Русский New site

Advanced search

[ New messages · Forum rules · Members ]
Page 1 of 11
Forum » SpaceEngine » Science and Astronomy Discussions » Question about Super Earths and current detection methods
Question about Super Earths and current detection methods
desertsoldier22Date: Monday, 17.03.2014, 08:05 | Message # 1
Astronaut
Group: Users
United States
Messages: 51
Status: Offline
It is my understanding that the current method of detecting exoplanets involves measuring a wobble in the motion of its parent star as the planet orbit. Extrapolating its mass by its apparent effect on the mass of its primary. Several rocky planets with enormous masses in excess of four times that of Earth and over twice its radii have been discovered. But wouldn't the presence of several large moons around that planet throw off those mass calculations? Even in the case of Kepler 22b, which was found using a transit method throw off its apparent size measurement if it had a moon half of its mass.

I would think our own world would look larger using the radial method to find it because of our moon.
 
HarbingerDawnDate: Monday, 17.03.2014, 09:18 | Message # 2
Cosmic Curator
Group: Administrators
United States
Messages: 8711
Status: Offline
Quote desertsoldier22 ()
Even in the case of Kepler 22b, which was found using a transit method throw off its apparent size measurement if it had a moon half of its mass.

If there were a large moon/companion of a planet, transit would reveal that, either directly or through transit timing variation.

Quote desertsoldier22 ()
I would think our own world would look larger using the radial method to find it because of our moon.

Yes, by about 1%... in other words, the difference is insignificant.





All forum users, please read this!
My SE mods and addons
Phenom II X6 1090T 3.2 GHz, 16 GB DDR3 RAM, GTX 970 3584 MB VRAM
 
apenpaapDate: Monday, 17.03.2014, 12:04 | Message # 3
World Builder
Group: Users
Antarctica
Messages: 1063
Status: Offline
If you look at our own Solar System, the mass ratios between planets and their moons are always extremely large. For the gas giants and Mars especially. Even Earth, which has relatively the largest moon, is still 81 times heavier than the Moon. You've got to remember planets are three-dimensional, and so even though the Moon is only about 4 times smaller, that translates to a 64 times smaller volume. (the rest of the difference is due to a lower density)

A moon could never be heavy enough to add significantly to the mass of the planet. It'd need to be a proper binary planet, which would indeed be easy to find through the transit method.





I occasionally stream at http://www.twitch.tv/magistermystax. Sometimes SE, sometimes other games.
 
desertsoldier22Date: Monday, 17.03.2014, 19:18 | Message # 4
Astronaut
Group: Users
United States
Messages: 51
Status: Offline
But theoretically we could support a system of 3-4 luna sized objects, a superearth could support many more. If they are in a close orbit you would think they would effect it?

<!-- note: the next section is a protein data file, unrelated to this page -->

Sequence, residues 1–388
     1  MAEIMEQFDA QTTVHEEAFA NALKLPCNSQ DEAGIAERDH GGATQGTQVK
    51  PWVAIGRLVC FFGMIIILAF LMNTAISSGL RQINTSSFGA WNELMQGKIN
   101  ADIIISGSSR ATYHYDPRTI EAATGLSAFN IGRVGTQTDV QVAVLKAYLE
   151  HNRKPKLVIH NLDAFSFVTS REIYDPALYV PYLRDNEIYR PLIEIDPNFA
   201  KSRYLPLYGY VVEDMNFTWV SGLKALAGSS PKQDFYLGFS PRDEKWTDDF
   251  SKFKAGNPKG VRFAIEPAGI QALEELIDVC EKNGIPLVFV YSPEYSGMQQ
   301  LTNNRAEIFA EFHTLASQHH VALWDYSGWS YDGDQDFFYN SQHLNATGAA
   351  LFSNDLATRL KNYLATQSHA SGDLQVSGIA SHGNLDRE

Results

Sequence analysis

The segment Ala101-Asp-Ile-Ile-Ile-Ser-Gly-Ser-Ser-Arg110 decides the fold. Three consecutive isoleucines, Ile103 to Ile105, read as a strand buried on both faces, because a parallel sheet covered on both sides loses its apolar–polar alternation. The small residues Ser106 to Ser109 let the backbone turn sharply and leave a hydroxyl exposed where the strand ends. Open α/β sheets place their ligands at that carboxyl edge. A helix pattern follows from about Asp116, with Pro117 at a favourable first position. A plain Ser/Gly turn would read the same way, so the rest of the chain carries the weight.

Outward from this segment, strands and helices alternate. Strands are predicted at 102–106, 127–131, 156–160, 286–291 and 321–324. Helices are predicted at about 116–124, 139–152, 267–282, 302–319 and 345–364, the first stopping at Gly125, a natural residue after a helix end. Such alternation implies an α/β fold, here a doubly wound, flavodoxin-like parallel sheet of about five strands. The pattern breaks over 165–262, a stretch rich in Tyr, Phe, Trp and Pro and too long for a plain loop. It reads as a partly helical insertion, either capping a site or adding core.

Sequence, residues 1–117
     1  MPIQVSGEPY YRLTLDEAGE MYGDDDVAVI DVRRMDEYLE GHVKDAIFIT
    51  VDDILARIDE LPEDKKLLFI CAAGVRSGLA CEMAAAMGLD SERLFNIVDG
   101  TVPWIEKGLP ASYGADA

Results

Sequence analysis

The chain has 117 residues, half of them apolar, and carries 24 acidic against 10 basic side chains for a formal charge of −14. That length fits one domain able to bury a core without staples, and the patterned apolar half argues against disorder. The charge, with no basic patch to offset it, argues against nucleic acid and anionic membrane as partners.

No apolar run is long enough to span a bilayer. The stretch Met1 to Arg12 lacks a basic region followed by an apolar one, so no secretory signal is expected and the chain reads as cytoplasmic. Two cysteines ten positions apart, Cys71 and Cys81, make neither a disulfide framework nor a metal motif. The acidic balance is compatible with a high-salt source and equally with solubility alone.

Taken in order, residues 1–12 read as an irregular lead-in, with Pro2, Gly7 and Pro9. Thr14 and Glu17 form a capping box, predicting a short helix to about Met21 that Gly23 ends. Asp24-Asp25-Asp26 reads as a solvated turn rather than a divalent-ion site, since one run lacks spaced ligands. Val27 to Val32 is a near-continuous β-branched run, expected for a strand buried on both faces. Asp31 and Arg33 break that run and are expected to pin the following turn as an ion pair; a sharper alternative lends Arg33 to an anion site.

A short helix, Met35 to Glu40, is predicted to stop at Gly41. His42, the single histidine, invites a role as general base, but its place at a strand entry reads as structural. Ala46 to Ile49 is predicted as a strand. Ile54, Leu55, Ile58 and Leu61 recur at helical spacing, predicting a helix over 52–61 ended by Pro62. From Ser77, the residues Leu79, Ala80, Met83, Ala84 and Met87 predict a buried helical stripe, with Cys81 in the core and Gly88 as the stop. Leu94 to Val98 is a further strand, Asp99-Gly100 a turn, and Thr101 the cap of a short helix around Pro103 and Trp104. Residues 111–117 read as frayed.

Added (17.03.2014, 22:18)
---------------------------------------------
Or planets in trojan orbits?

 
SpaceEngineerDate: Monday, 17.03.2014, 23:05 | Message # 5
Author of Space Engine
Group: Administrators
Russian Federation
Messages: 4795
Status: Offline
90% of superearths are discovered in close vicinity of their parent star, where existence of a moon is impossible due to tides from a star. In multi-planetary systems moons are almost impossible too, due to very close distance between planetary orbits. There are only few dozen systems that looks like our own (large distances, only 4 planets within 3 AU radius) - exomoons can exist only in that systems.




 
desertsoldier22Date: Tuesday, 18.03.2014, 04:53 | Message # 6
Astronaut
Group: Users
United States
Messages: 51
Status: Offline
Quote SpaceEngineer ()
90% of superearths are discovered in close vicinity of their parent star, where existence of a moon is impossible due to tides from a star. In multi-planetary systems moons are almost impossible too, due to very close distance between planetary orbits. There are only few dozen systems that looks like our own (large distances, only 4 planets within 3 AU radius) - exomoons can exist only in that systems.


Good point most Exo earths have been found with M-class primaries, that would make it tough. Its just so hard to believe such a massive rocky world would be geologically stable, they must be hellish places or covered with water.


Edited by desertsoldier22 - Tuesday, 18.03.2014, 04:55
 
HarbingerDawnDate: Tuesday, 18.03.2014, 09:03 | Message # 7
Cosmic Curator
Group: Administrators
United States
Messages: 8711
Status: Offline
Quote desertsoldier22 ()
Its just so hard to believe such a massive rocky world would be geologically stable

There's no fine division between rocky worlds, icy worlds, and gaseous worlds. A world of 8 Earth masses might be exclusively rock and metal, or might have a thin layer of ices atop it (like water), or it could have an extremely thick gaseous envelope. But even if it were just rock and metal, what would be unstable about it? Just because it's larger than our world?

It's much the same as if a being who grew up on Mars thought it inconceivable that a world like Earth - 10 times more massive - could be as stable as it is.





All forum users, please read this!
My SE mods and addons
Phenom II X6 1090T 3.2 GHz, 16 GB DDR3 RAM, GTX 970 3584 MB VRAM
 
Forum » SpaceEngine » Science and Astronomy Discussions » Question about Super Earths and current detection methods
Page 1 of 11
Search: